At the heart of Robert Putnam’s important new book, Our Kids: The American Dream in Crisis, is a paradox. As Putnam so effectively and compassionately illustrates, the fundamental reality of life for many children growing up in poverty in America today is the extremely low level of “social capital” of their families, communities, and schools. One or both of their parents are absent; church attendance is down; opportunities to participate in sports teams or scout troops or youth groups are few and far between. Put simply, these kids—“our kids”—feel all alone, living “troubled, isolated, hopeless lives.”
The solution, then—the way to help poor children climb the ladder to the middle class and achieve the American Dream—must involve rebuilding this social capital, right? Yet that’s not what Putnam proposes; instead, he calls for more investments in government services and transfer payments. He wants to replace social capital with financial capital.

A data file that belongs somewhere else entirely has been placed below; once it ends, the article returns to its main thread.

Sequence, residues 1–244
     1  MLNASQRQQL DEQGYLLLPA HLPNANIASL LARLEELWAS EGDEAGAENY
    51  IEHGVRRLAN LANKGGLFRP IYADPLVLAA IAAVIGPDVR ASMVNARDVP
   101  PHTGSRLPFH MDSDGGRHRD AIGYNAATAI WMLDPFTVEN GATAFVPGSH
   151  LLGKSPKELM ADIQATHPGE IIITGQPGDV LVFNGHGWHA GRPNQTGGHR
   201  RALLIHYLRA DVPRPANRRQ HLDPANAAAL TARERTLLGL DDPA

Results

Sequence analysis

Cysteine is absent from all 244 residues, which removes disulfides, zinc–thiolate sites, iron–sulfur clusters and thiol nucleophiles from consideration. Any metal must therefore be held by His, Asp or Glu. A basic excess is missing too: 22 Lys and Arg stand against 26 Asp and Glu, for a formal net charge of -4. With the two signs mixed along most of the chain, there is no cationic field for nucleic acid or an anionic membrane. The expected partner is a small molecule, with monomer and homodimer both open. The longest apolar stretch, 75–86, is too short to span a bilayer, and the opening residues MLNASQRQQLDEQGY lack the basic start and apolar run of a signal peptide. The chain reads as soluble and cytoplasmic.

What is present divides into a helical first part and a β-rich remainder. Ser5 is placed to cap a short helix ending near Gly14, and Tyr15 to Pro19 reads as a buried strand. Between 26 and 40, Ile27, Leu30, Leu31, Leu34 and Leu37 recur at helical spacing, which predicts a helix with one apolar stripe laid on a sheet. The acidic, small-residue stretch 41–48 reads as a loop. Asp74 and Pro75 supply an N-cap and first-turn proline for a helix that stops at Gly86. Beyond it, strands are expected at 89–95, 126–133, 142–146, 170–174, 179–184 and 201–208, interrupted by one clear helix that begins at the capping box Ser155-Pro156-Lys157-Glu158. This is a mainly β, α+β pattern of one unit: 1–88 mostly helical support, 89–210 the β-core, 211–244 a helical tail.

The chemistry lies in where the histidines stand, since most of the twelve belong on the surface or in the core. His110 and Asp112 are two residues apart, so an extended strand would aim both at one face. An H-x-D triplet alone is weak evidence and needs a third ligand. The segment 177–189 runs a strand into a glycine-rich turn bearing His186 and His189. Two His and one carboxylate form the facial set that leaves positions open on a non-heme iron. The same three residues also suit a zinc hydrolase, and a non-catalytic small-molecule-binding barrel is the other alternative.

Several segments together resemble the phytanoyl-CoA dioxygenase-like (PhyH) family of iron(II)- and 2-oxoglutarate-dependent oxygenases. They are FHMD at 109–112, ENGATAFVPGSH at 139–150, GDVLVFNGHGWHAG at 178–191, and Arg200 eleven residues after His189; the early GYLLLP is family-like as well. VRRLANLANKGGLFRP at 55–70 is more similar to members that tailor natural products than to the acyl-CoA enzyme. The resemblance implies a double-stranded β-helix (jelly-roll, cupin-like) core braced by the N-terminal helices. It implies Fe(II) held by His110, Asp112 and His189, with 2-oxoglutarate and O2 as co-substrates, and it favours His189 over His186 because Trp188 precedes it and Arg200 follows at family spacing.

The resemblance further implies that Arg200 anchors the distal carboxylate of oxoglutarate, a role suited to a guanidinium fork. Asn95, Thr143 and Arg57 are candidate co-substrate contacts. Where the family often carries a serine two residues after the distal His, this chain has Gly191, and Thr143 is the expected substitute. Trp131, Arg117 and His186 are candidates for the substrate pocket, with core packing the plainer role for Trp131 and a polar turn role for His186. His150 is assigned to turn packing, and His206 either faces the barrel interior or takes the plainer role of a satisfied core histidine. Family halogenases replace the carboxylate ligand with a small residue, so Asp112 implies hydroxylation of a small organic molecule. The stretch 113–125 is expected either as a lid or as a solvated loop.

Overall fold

Why? It’s probably because, like the rest of us, he doesn’t know how to rebuild social capital. Once it’s lost, it may be gone forever.
And that’s the paradox: Social capital is essential to keeping families and communities spiritually and materially prosperous. But once a family or a community experiences...